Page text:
TRICARE; Diabetic Education, 44798-44800 [E9-20684]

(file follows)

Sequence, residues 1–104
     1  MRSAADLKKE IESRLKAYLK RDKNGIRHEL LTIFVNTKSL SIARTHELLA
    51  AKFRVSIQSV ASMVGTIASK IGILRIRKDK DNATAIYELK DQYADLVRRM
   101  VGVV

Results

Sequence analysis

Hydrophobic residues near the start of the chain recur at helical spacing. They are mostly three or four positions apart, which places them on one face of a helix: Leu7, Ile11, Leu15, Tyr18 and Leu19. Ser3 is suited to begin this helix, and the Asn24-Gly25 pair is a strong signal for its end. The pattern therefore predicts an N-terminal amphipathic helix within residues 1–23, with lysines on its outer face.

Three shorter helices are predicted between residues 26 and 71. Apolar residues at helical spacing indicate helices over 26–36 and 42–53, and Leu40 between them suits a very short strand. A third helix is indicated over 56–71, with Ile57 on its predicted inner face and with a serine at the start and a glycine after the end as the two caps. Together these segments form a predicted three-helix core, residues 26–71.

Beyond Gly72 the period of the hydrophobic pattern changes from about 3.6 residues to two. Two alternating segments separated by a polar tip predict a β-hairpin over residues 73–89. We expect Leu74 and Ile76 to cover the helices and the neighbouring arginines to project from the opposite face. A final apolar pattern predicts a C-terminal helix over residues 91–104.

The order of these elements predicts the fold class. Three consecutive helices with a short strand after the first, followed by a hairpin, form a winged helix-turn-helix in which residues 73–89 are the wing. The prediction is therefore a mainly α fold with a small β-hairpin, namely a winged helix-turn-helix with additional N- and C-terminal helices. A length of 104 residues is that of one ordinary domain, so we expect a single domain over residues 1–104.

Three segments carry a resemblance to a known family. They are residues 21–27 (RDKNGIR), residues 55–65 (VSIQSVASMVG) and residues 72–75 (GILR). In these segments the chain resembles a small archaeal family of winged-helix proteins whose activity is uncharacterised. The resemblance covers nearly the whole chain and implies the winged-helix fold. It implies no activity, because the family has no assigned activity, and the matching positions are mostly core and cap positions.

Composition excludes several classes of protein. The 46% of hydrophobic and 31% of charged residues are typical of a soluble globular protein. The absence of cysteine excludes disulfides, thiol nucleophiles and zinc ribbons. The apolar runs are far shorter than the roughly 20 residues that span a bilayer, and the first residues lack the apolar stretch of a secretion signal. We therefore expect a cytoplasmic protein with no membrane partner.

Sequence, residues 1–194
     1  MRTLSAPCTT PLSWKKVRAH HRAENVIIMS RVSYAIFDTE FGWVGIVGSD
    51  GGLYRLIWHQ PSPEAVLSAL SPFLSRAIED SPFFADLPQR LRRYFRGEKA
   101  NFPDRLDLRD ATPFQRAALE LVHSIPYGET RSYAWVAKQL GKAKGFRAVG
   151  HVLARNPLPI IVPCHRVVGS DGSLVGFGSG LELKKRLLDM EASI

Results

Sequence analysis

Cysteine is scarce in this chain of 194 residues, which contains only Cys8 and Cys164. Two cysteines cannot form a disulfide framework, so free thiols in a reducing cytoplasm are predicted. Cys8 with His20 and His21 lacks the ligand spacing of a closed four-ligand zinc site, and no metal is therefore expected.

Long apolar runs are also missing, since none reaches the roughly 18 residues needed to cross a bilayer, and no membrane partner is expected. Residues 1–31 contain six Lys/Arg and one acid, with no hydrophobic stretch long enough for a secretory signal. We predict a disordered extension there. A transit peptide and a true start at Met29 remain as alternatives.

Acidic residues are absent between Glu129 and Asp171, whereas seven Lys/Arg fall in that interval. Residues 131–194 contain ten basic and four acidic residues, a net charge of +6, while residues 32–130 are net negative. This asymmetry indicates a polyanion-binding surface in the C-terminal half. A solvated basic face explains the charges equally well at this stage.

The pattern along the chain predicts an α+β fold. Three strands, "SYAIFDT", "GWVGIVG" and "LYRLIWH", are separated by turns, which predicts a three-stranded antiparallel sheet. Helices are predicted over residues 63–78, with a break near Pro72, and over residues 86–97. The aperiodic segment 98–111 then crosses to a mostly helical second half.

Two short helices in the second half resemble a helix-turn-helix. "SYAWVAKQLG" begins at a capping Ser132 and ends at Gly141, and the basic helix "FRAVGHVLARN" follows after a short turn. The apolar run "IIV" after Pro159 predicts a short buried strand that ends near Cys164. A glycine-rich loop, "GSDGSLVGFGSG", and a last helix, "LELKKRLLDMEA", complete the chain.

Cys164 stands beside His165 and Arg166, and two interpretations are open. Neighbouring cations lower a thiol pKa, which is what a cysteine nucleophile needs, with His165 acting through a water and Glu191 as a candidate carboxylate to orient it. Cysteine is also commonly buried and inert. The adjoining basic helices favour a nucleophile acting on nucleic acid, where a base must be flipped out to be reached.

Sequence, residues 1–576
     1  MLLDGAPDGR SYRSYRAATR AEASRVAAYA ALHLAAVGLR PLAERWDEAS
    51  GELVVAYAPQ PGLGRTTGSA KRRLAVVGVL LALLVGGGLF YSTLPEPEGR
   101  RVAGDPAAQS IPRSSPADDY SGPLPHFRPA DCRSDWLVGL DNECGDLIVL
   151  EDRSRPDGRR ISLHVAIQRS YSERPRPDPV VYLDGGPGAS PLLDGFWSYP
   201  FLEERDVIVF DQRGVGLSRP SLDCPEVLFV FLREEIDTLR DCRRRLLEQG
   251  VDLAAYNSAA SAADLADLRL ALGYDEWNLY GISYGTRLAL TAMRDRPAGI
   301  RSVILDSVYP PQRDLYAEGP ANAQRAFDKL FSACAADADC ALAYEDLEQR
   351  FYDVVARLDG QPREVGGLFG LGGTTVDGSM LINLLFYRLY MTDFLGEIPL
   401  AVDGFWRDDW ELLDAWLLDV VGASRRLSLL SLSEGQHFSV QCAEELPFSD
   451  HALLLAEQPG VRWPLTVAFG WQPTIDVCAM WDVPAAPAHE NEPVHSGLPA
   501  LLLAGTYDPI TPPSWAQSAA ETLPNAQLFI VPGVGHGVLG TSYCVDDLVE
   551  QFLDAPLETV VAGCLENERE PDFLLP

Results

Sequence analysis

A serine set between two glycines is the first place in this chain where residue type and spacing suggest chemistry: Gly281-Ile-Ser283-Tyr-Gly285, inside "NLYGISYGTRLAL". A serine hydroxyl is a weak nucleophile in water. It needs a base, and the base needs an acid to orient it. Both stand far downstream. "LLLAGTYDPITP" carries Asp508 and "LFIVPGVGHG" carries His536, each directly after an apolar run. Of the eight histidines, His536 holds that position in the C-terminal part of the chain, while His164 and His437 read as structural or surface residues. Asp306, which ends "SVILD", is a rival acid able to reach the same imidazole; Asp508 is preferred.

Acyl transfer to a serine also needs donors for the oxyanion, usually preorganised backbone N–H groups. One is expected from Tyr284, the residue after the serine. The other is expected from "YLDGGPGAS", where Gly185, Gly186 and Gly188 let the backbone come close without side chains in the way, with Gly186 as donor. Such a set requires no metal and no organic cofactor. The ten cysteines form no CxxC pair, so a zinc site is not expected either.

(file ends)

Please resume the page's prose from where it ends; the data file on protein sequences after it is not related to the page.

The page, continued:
Download as PDF 44798 Federal Register / Vol. 74, No. 167 / Monday, August 31, 2009 / Proposed Rules Public Law 96–354, ‘‘Regulatory Flexibility Act’’ (5 U.S.C. 601) The Regulatory Flexibility Act (RFA) requires each Federal agency prepare, and make available for public comment, a regulatory flexibility analysis when the agency issues a regulation which would have a significant impact on a substantial number of small entities. This proposed rule will not significantly affect a substantial number of small entities for purposes of the RFA. Public Law 96–511, ‘‘Paperwork Reduction Act’’ (44 U.S.C. Chapter 35) This rule will not impose significant additional information collection requirements on the public under the Paperwork Reduction Act of 1995 (44 U.S.C. 3501–3511). Existing information collection requirements of the TRICARE and Medicare programs will be utilized. approved device; any use that is not included in the cleared statement of intended use for a device that has been determined by the Food and Drug Administration (FDA) to be substantially equivalent to a legally marketed predicate device and cleared for marketing; and any use of a device for which a manufacturer or distributor would be required to seek pre-market review by the FDA in order to legally include that use in the device’s labeling. * * * * * 3. Section 199.4 is amended by revising the third paragraph of the Note to paragraph (g)(15)(i)(A), and removing paragraph (g)(15)(iv) as follows: § 199.4 * Executive Order 13132, ‘‘Federalism’’ Basic program benefits. * * (g) * * * (15) * * * (i) * * * (A) * * * * * This proposed rule has been examined for its impact under E.O. 13132 and it does not contain policies that have federalism implications that would have substantial direct effects on the States, on the relationship between the national government and the States, or on the distribution of power and responsibilities among the various levels of government; therefore, consultation with State and local officials is not required. Note: * * * CHAMPUS will consider coverage of off-label uses of drugs and devices that meet the definition of Off-Label Use of a Drug or Device in Section 199.2(b). Approval for reimbursement of off-label uses requires review for medical necessity, and also requires demonstrations from reliable evidence, as defined in § 199.2, that the offlabel use of the drug or device is safe, effective and in accordance with nationally accepted standards of practice in the medical community. List of Subjects in 32 CFR Part 199 Dated: August 21, 2009. Patricia L. Toppings, OSD Federal Register Liaison Officer, Department of Defense. [FR Doc. E9–20683 Filed 8–28–09; 8:45 am] Claims, dental health, health care, health insurance, individuals with disabilities, Military personnel. Accordingly, 32 CFR part 199 is proposed to be amended as follows: * * * * * BILLING CODE 5001–06–P PART 199—[AMENDED] DEPARTMENT OF DEFENSE 1. The authority citation for 32 CFR part 199 continues to read as follows: Office of the Secretary Authority: 5 U.S.C. 301; 10 U.S.C. chapter 55. 2. Section 199.2(b) is amended by removing the definition of Unlabeled or Off-Label Drugs and adding a new definition of Off-Label Use of a Drug or Device in alphabetical order to read as follows: § 199.2 Definitions. sroberts on DSKD5P82C1PROD with PROPOSALS * * * * * (b) * * * * * * * * Off-Label Use of a Drug or Device. A use other than an intended use for which the drug or device is legally marketed under the Federal Food, Drug, and Cosmetic Act. This includes any use that is not included in the approved labeling for an approved drug or VerDate Nov<24>2008 16:24 Aug 28, 2009 Jkt 217001 32 CFR Part 199 [DoD–2009–HA–0094] RIN 0720–AB32 TRICARE; Diabetic Education AGENCY: Office of the Secretary, Department of Defense. ACTION: Proposed rule. SUMMARY: The Department of Defense is publishing this proposed rule to clarify TRICARE coverage for diabetic education. This rule introduces new definitions and addresses revisions or omissions in policy or procedure inadvertently missed in previous regulatory changes pertaining to diabetic education. PO 00000 Frm 00026 Fmt 4702 Sfmt 4702 DATES: Written comments received at the address indicated below by October 30, 2009 will be accepted. ADDRESSES: You may submit comments, identified by docket number or Regulatory Information Number (RIN) and title, by either of the following methods: The Web site: http:// www.regulations.gov. Follow the instructions for submitting comments. Mail: Federal Docket Management System Office, Room 3C843 Pentagon, 1160 Defense Pentagon, Washington, DC 20301–1160. Instructions: All submissions received must include the agency name and docket number or RIN for this Federal Register document. The general policy for comments and other submissions from members of the public is to make these submissions available for public viewing on the Internet at http:// www.regulations.gov as they are received without change, including any personal identifiers or contact information. FOR FURTHER INFORMATION CONTACT: Joy Saly, Medical Benefits and Reimbursement Branch, TRICARE Management Activity, telephone (303) 676–3742. Questions regarding payment of specific claims should be addressed to the appropriate TRICARE contractor. SUPPLEMENTARY INFORMATION: This proposed rule introduces new definitions and addresses revisions or omissions in policy or procedure inadvertently missed in previous regulatory changes pertaining to diabetic education. Diabetes self-management training is an interactive, collaborative process involving beneficiaries with diabetes, their physician(s) and their educators. The educational process should provide the beneficiary with the knowledge and skills needed to perform self-care, manage crises, and make lifestyle changes required to manage the diabetes successfully. TRICARE had previously classified diabetes self-management training as a counseling service that was not medically necessary. Since all services provided under the TRICARE program must be medically necessary and appropriate, diabetes self-management training was excluded from coverage. In developing the TRICARE policy on selfmanagement, however, it was determined that diabetes educational services are consistent with the medically necessary and appropriate provision and it was decided to conform with Medicare’s policy on diabetes selfmanagement training. As such, TRICARE removed ‘‘diabetic self- E:\FR\FM\31AUP1.SGM 31AUP1 Federal Register / Vol. 74, No. 167 / Monday, August 31, 2009 / Proposed Rules management training’’ programs as an excluded benefit effective July 1, 1998. Although the policy change conflicted with existing regulation language, TRICARE determined to move forward with the policy change because TRICARE was expanding and not restricting a benefit, and the change was in line with Medicare’s benefit. This proposed rule corrects the failure to amend the language of the regulation and brings the regulation into conformance with the current policy. Sec. 199.4 provides basic program benefits. Sec. 199.4(d)(3)(xiv) Diabetic SelfManagement Training (DSMT) is added as a benefit under other covered services and supplies. This addition brings the regulation into conformance with the current policy. Sec. 199.4(g)(39) is revised to remove diabetic self-education programs as an exclusion. Sec. 199.6 addresses authorized providers. Sec. 199.6(c)(3)(iii)(L) adds Nutritionist to the list of individual professional providers of medical care authorized to provide services to CHAMPUS beneficiaries. Sec.199.6(c)(3)(iii)(M) adds Registered Dietitian to the list of individual professional providers of medical care authorized to provide services to CHAMPUS beneficiaries. Regulatory Procedures. Executive Order 12866, ‘‘Regulatory Planning and Review’’ Section 801 of title 5, United States Code, and Executive Order 12866 require certain regulatory assessments and procedures for any major rule or significant regulatory action, defined as one that would result in an annual effect of $100 million or more on the national economy or which would have other substantial impacts. It has been certified that this rule is not a significant regulatory action. sroberts on DSKD5P82C1PROD with PROPOSALS Public Law 96–354, ‘‘Regulatory Flexibility Act’’ (RFA) (5 U.S.C. 601) Public Law 96–354, ‘‘Regulatory Flexibility Act’’ (RFA) (5 U.S.C. 601), requires that each Federal agency prepare a regulatory flexibility analysis when the agency issues a regulation which would have a significant impact on a substantial number of small entities. This proposed rule will not have a significant impact on a substantial number of small entities. Therefore, this proposed rule is not subject to the requirements of the RFA. VerDate Nov<24>2008 16:24 Aug 28, 2009 Jkt 217001 Public Law 96–511, ‘‘Paperwork Reduction Act’’ (44 U.S.C. Chapter 35) 44799 Executive Order 13132, ‘‘Federalism,’’ requires that an impact analysis be performed to determine whether the rule has federalism implications that would have substantial direct effects on the States, on the relationship between the national government and the States, or on the distribution of power and responsibilities among the various levels of government. It has been certified that this proposed rule does not have federalism implications, as set forth in Executive Order 13132. about the successful self-management of diabetes. It includes the following criteria: education about self-monitoring of blood glucose, diet, and exercise; an insulin treatment plan developed specifically for the patient who is insulin-dependent; and motivates the patient to use the skills for selfmanagement. The DSMT service or program must be accredited by the American Diabetes Association. Coverage limitations on the provision of this benefit will be as determined by the Director, TRICARE Management Activity, or designee. * * * * * (g) * * * (39) Counseling. Counseling services that are not medically necessary in the treatment of a diagnosed medical condition: For example, educational counseling, vocational counseling, nutritional counseling, and counseling for socioeconomic purposes, stress management, lifestyle modification, etc. Services provided by a certified marriage and family therapist, pastoral or mental health counselor in the treatment of a mental disorder are covered only as specifically provided in § 199.6. Services provided by alcoholism rehabilitation counselors are covered only when rendered in a CHAMPUS-authorized treatment setting and only when the cost of those services is included in the facility’s CHAMPUSdetermined allowable cost rate. * * * * * 3. Section 199.6 is amended by adding paragraphs (c)(3)(iii)(L) and (M). List of Subjects in 32 CFR Part 199 § 199.6 Claims, Dental health, Health care, Health insurance, Individuals with disabilities, Military personnel. Accordingly, 32 CFR part 199 is proposed to be amended as follows: * This rule does not contain a ‘‘collection of information’’ requirement, and will not impose additional information collection requirements on the public under Public Law 96–511, ‘‘Paperwork Reduction Act’’ (44 U.S.C. Chapter 35). Public Law 104–4, Section 202, ‘‘Unfunded Mandates Reform Act’’ Section 202 of Public Law 104–4, ‘‘Unfunded Mandates Reform Act,’’ requires that an analysis be performed to determine whether any federal mandate may result in the expenditure by State, local and tribal governments, in the aggregate, or by the private sector of $100 million in any one year. It has been certified that this proposed rule does not contain a Federal mandate that may result in the expenditure by State, local and tribal governments, in aggregate, or by the private sector, of $100 million or more in any one year, and thus this proposed rule is not subject to this requirement. Executive Order 13132, ‘‘Federalism’’ PART 199—[AMENDED] 1. The authority citation for part 199 continues to read as follows: Authority: 5 U.S.C. 301; 10 U.S.C. Chapter 55. 2. Section 199.4 is amended by adding paragraph (d)(3)(ix), and revising paragraph (g)(39) to read as follows: § 199.4 Basic program benefits. * * * * * (d) * * * (3) * * * (ix) Diabetes Self-Management Training (DSMT). A training service or program that educates diabetic patients PO 00000 Frm 00027 Fmt 4702 Sfmt 4702 TRICARE—authorized providers. * * * * (c) * * * (3) * * * (iii) * * * (L) Nutritionist. A nutritionist may provide diabetes self-management training (DSMT) via an accredited DSMT program. The nutritionist must be licensed by the State in which the care is provided, and must be under the supervision of a physician who is overseeing the DSMT program. (M) Registered Dietitian. A dietitian may provide diabetes self-management training (DSMT) via an accredited DSMT program. The dietitian must be licensed by the State in which the care is provided, and must be under the supervision of a physician who is overseeing the DSMT program. * * * * * E:\FR\FM\31AUP1.SGM 31AUP1 44800 Federal Register / Vol. 74, No. 167 / Monday, August 31, 2009 / Proposed Rules Dated: August 21, 2009. Patricia L. Toppings, OSD Federal Register Liaison Officer, Department of Defense. [FR Doc. E9–20684 Filed 8–28–09; 8:45 am] BILLING CODE 5001–06–P DEPARTMENT OF DEFENSE Office of the Secretary 32 CFR Part 199 [DoD–2009–HA–0095] RIN 0720–AB33 TRICARE; Extended Care Health Option sroberts on DSKD5P82C1PROD with PROPOSALS AGENCY: Office of the Secretary, Department of Defense. ACTION: Proposed rule. SUMMARY: The Department of Defense is publishing this proposed rule to implement the requirements enacted by Congress in Section 732 of the Duncan Hunter National Defense Authorization Act for Fiscal Year 2009 which changes the limit of the Government’s share of providing certain benefits under the Extended Care Health Option (ECHO) from $2,500 per month to $36,000 per year, and for other non-legislated changes to the ECHO. DATES: Comments received at the address indicated below by October 30, 2009 will be accepted. ADDRESSES: You may submit comments, identified by docket number and or Regulatory Information Number (RIN) number and title, by either of the following methods: • Federal Rulemaking Portal: http:// www.regulations.gov. Follow the instructions for submitting comments. • Mail: Federal Docket Management System Office, Room 3C843 Pentagon, 1160 Defense Pentagon, Washington, DC 20301–1160. Instructions: All submissions received must include the agency name and docket number or RIN for this Federal Register document. The general policy for comments and other submissions from members of the public is to make these submissions available for public viewing on the Internet at http:// www.regulations.gov as they are received without change, including any personal identifiers or contact information. FOR FURTHER INFORMATION CONTACT: Michael Kottyan, TRICARE Management Activity, Medical Benefits and Reimbursement Branch, telephone (303) 676–3520. SUPPLEMENTARY INFORMATION: VerDate Nov<24>2008 16:24 Aug 28, 2009 Jkt 217001 I. Background Section 1079 of title 10, United States Code (U.S.C.), as amended by Section 701(b) of the National Defense Authorization Act for Fiscal Year 2002 [Pub. L. 107–107], required the Department of Defense to establish a program of extended benefits for eligible dependents. That program, known as the Extended Care Heath Option (ECHO), replaced the Program for Persons with Disabilities (PFPWD) and was implemented on September 1, 2005. The primary purpose of the ECHO is to provide eligible beneficiaries with benefits that are not available through the TRICARE Basic Program. The term ‘‘eligible beneficiary’’ means an individual who is a dependent of an Active Duty Service Member (ADSM) or is a Transitional Survivor of a deceased ADSM and who has a qualifying condition. Qualifying conditions include moderate or severe mental retardation, serious physical disability, or an extraordinary physical or psychological condition. The benefits available through the ECHO are intended to assist in the reduction of the disabling effects of an ECHO qualifying condition. Section 1079(e)(3) and (4) authorized benefits, including training, rehabilitation, special education, assistive technology devices, institutional care in private, nonprofit, public, and State institutions and facilities and, if appropriate, transportation to and from such institutions and facilities in which the beneficiary is receiving institutional care. Section 1079(f)(2) limited the Government’s liability for benefits authorized by Section 1079(e) and (4) to $2,500 per month and required that the beneficiary’s sponsor be liable for any amount of the monthly total cost for those benefits that exceeded the Government’s limit. Section 1079(e) also authorized the extended benefits program to provide additional benefits including diagnostic services, inpatient and outpatient care, comprehensive home health care, respite care, and other services and supplies as determined appropriate by the Secretary. However, Section 1079(f) did not limit the Government’s liability for those additional benefits. By Final Rule published in the Federal Register on August 20, 2004, (69 FR 51559) the Department established that those additional benefits accrued to the $2,500 per month limit. Section 732 of the Duncan Hunter National Defense Authorization Act for Fiscal Year 2009 [Public Law 110–417] PO 00000 Frm 00028 Fmt 4702 Sfmt 4702 (NDAA 2009) changed the limit of the Government’s liability for benefits authorized under Section 1079(e)(3) and (4) from $2,500 per month to $36,000 per year, prorated as determined by the Secretary. This rule does not prorate the annual limit of Government liability. Section 732 does not affect other benefits authorized under Section 1079(e). This proposed rule changes the Government’s share of providing all benefits available through the Extended Care Health Option from $2,500 per month to $36,000 per fiscal year. This rule does not change the Government’s liability for benefits provided by the ECHO Home Health Care (EHHC) benefit or the EHHC Respite Care benefit. Additionally, Section 732 changed the sponsor’s liability for costs exceeding the limit of the Government’s liability from a per-month basis to a per-year basis; this rule includes that change. The following additional changes contained in this rule are further discussed below: deletes references to the PFPWD, eliminates allocating the allowable cost of durable equipment authorized for purchase through the ECHO, clarifies the monthly reimbursement for benefits received through the ECHO Home Health Care (EHHC), and allows a waiver of the requirement to enroll in the sponsor’s branch of Service Exceptional Family Member Program (EFMP) in order to register in the ECHO. Active Duty Family Members who have a qualifying condition are eligible to receive benefits through the ECHO. Qualifying conditions include moderate or severe mental retardation, a serious physical disability, or an extraordinary physical or psychological condition such that the beneficiary is homebound. Serious physical disabilities include those conditions that preclude an individual from the unaided performance of at least one major life activity such as breathing, cognition, hearing, seeing, and age appropriate ability essential to bathing, dressing, eating, grooming, speaking, stair use, toilet use, transferring, and walking. The ECHO, as the replacement for the PFPWD, has been fully implemented for several years; it is therefore appropriate to delete references in the regulations to the transition of the PFPWD to the ECHO. Durable equipment, which is defined as a device or apparatus which does not qualify as ‘‘Durable Medical Equipment’’ under the TRICARE Basic Program but which is essential to the efficient arrest or reduction of the functional loss resulting from, or the E:\FR\FM\31AUP1.SGM 31AUP1